Sober January / Dry January (as they call it in England) has been catching on in various U.S. cities in recent years as one way to balance out the decadent, functionally alcoholic lives that many of us lead. I decided to go for it this year for a variety of reasons that include a) Fall 2014 was especially boozy, b) my friends and I do quite a lot of drinking year-round and if my liver could talk it would say 'I hate you' on the regular, c) Sober November was a bit of a failure that only lasted ten days, and d) my birthday is in February and it's all downhill from there. This is not the first time I've taken multiple weeks off of the sauce, but there's something about the weirdness of January and the self-reflection that winter brings that's got me observing things a little more acutely this time around. So as I pass the mid-point of this most trying month, I thought I'd share.

Yes, I do feel more clear-headed, and mornings are nicer. That's great and all, but it's not like I spend the rest of the year hungover or anything, and it's not like I have a lot less trouble getting out of bed. The rewards, besides some potential weight loss, are mostly internal and therefore nothing to brag about, or get that excited about. People who gush about how terrific they feel on cleanses and such are mostly just convincing themselves it's worth it.


Not drinking is just... sort of boring. Though my friends in recovery have certainly found new ways to entertain themselves, it's a hard thing to navigate for those of us who don't especially enjoy early morning hikes or early morning runs or early morning anything. Or smoking pot, for that matter. I've always been a night person, and nights are for booze.


Friends will not be helpful. A couple examples of things said to me last night: "You're not fun like this," "I feel so bad for you right now," and "When is this charade going to stop?" Of course, having somebody sober around makes everyone who's drunk a little uncomfortable, so even if they're not shoving drinks in my hand they have their ways of making that discomfort known.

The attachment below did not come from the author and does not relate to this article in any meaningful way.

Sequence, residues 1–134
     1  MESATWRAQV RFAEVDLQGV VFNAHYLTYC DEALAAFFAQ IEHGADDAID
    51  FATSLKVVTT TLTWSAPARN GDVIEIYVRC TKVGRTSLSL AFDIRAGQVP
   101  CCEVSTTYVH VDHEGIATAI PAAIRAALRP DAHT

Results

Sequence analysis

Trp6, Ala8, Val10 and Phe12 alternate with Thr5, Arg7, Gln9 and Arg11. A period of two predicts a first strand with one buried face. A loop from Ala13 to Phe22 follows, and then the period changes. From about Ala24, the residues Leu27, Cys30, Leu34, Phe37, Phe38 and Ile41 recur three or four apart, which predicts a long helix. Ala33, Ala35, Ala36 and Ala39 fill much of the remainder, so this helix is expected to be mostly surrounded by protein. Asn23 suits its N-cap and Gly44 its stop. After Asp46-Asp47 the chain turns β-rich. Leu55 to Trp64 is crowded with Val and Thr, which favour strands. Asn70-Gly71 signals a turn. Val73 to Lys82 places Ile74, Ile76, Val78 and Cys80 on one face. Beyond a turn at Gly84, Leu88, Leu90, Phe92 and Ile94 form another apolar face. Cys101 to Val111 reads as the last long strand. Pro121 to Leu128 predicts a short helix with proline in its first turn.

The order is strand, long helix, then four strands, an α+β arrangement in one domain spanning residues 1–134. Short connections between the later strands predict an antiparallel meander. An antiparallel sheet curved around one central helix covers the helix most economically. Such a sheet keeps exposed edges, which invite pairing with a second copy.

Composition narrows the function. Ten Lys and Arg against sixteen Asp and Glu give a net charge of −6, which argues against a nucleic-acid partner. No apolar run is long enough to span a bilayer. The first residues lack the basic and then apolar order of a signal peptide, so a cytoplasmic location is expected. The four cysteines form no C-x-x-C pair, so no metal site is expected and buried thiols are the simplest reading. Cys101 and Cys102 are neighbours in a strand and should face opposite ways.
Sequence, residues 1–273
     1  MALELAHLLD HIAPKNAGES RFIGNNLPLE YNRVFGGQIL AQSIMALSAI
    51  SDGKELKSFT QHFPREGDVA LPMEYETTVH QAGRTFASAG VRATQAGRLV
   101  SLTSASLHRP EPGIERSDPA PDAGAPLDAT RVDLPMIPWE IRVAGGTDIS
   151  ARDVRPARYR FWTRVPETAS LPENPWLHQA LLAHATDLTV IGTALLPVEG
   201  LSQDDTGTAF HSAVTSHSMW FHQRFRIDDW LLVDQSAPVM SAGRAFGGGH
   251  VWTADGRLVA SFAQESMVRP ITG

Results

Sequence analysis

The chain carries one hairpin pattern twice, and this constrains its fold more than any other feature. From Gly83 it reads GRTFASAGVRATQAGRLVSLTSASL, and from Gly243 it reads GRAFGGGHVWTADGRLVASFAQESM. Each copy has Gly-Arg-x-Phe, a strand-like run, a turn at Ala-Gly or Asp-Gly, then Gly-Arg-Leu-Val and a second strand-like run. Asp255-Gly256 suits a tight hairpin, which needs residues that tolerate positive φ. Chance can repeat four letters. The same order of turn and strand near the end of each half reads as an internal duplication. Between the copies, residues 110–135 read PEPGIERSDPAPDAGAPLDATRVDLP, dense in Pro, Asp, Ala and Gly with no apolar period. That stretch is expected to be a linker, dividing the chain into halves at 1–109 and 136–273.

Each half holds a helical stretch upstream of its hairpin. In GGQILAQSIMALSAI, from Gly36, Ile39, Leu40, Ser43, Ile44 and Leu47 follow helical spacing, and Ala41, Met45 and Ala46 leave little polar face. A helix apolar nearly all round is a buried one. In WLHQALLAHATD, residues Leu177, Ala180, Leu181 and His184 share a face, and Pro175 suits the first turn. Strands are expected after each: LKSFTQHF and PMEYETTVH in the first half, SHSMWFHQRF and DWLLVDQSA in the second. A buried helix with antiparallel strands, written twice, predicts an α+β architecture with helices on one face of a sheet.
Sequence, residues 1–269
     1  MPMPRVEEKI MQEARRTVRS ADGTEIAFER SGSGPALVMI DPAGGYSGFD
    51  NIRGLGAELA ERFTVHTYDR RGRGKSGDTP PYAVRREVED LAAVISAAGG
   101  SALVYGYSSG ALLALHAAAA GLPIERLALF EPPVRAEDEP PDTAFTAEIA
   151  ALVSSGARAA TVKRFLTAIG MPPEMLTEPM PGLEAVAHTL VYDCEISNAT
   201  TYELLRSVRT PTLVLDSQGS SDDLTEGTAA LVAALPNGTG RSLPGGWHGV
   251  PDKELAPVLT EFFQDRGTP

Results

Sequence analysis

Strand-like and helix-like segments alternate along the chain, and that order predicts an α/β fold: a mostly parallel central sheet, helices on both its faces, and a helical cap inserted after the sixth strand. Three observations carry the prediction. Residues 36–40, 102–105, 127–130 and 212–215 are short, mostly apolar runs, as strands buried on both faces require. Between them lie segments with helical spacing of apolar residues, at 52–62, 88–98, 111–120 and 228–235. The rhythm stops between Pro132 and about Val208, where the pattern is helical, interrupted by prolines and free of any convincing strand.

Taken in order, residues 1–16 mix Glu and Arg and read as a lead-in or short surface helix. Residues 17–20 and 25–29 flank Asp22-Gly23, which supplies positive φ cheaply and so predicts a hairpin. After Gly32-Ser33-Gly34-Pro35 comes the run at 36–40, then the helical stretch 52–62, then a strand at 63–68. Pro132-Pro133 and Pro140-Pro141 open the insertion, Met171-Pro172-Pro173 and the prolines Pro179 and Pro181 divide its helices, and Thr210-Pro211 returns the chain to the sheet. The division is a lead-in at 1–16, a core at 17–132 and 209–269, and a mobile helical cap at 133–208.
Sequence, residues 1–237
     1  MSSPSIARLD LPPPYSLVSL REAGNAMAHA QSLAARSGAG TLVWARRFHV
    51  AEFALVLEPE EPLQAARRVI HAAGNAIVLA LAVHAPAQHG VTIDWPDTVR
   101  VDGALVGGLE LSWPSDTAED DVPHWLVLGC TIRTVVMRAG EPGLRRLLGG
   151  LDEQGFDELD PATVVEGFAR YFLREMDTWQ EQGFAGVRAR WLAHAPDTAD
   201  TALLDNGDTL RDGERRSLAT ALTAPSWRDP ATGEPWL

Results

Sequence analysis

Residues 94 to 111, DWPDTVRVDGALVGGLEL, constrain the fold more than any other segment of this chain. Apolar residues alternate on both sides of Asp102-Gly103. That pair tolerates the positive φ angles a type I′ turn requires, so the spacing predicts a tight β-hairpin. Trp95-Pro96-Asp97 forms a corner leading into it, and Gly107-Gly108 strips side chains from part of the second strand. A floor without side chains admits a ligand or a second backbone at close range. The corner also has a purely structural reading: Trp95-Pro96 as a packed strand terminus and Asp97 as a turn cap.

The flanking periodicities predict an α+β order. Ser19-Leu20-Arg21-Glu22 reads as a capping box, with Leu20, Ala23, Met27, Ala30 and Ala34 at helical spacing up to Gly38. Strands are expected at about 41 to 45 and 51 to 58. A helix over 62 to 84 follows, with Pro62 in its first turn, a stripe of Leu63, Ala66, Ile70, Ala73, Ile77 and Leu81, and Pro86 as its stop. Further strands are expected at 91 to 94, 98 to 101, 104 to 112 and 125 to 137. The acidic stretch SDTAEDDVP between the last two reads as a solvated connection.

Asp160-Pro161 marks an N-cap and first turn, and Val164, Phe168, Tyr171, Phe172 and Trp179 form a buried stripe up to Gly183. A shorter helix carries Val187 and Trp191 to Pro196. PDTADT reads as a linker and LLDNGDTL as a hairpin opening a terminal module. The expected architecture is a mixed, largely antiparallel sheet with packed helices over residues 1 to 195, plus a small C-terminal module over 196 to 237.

Bars, and the people in them, are much less fun. I feel absurdly awake and aware, standing around with my ginger beer, listening as everyone's voices get louder and their phrasing gets clumsier. It would be way more enjoyable if things were a bit more muted and confused, I was three bourbons in, and I was a part of the clumsy mass, shout-telling some story that has John Travolta as the punchline. But instead I stand apart, in silent judgment, like an asshole.


I do get more stuff done. Yes, some important home improvement projects are happening — pictures framed that have been waiting two years to be framed, floors mopped. I've even made some homemade bitters for the time when I will be able to drink again. Luckily they take over two weeks to steep. All of this has made me feel one third accomplished and two thirds a dork.


My moods are more steady, but also more dull. I consider myself a mostly emotionally stable person, but alcohol does have a way of bringing on the sads sometimes, and in the sober light of day I usually look back and think, 'Huh. That was just the booze bringing me down.' Without it, I can wipe away depressing thoughts a little more quickly, but also, I'm a lot less jovial and friendly in social situations. So, again: At what cost sobriety?!


It makes one spend a good deal of time rationalizing one's alcohol intake. This British guy articulated it pretty well in his recent piece in the UK Telegraph, "On the one hand, [my friends and I] are probably not alcoholics. Then again, we’re definitely not teetotalers either. We belong to an uncertain intermediate category. Alcohol is our drug, our way of dulling the pain of daily existence." Let's not all get maudlin about this pain — he's speaking a bit for literary effect. But come on now... admit it: many aspects of daily life are tedious, monotonous, and joyless. And the addition of a few drinks at the end of a workday, or a raucous, slightly unhinged weekend night out with friends adds some necessary humor and spice. In other news, I am not a homebody, and drinking is one of the obvious goals of being out on the town.


I crave dessert a whole lot more. Minus all that sugar and alcohol, my body keeps telling me it requires cookies. I've unfortunately obliged it.


I will, maybe, train myself to savor my drinks more. If there's nothing else that I learned from the boozy fall and this consequent break, it's that I've become such a professional drinker that I don't get drunk very fast, and I don't always pay attention to the wonder of the beverage in my hand. Given the deliciousness that awaits me, come February, I'm pledging not to mindlessly move hand to mouth the way some people mindlessly snack in front of the television, but I will give a little more care to what I'm tasting. Because drinking is good, and I've always been a happy drunk, and times of fasting and sacrifice like this have a way of making one appreciate the virtues of what one has given up. So, cheers to that with my Vitamin Water-bitter lemon mocktail! I'll see you back at the bar next month.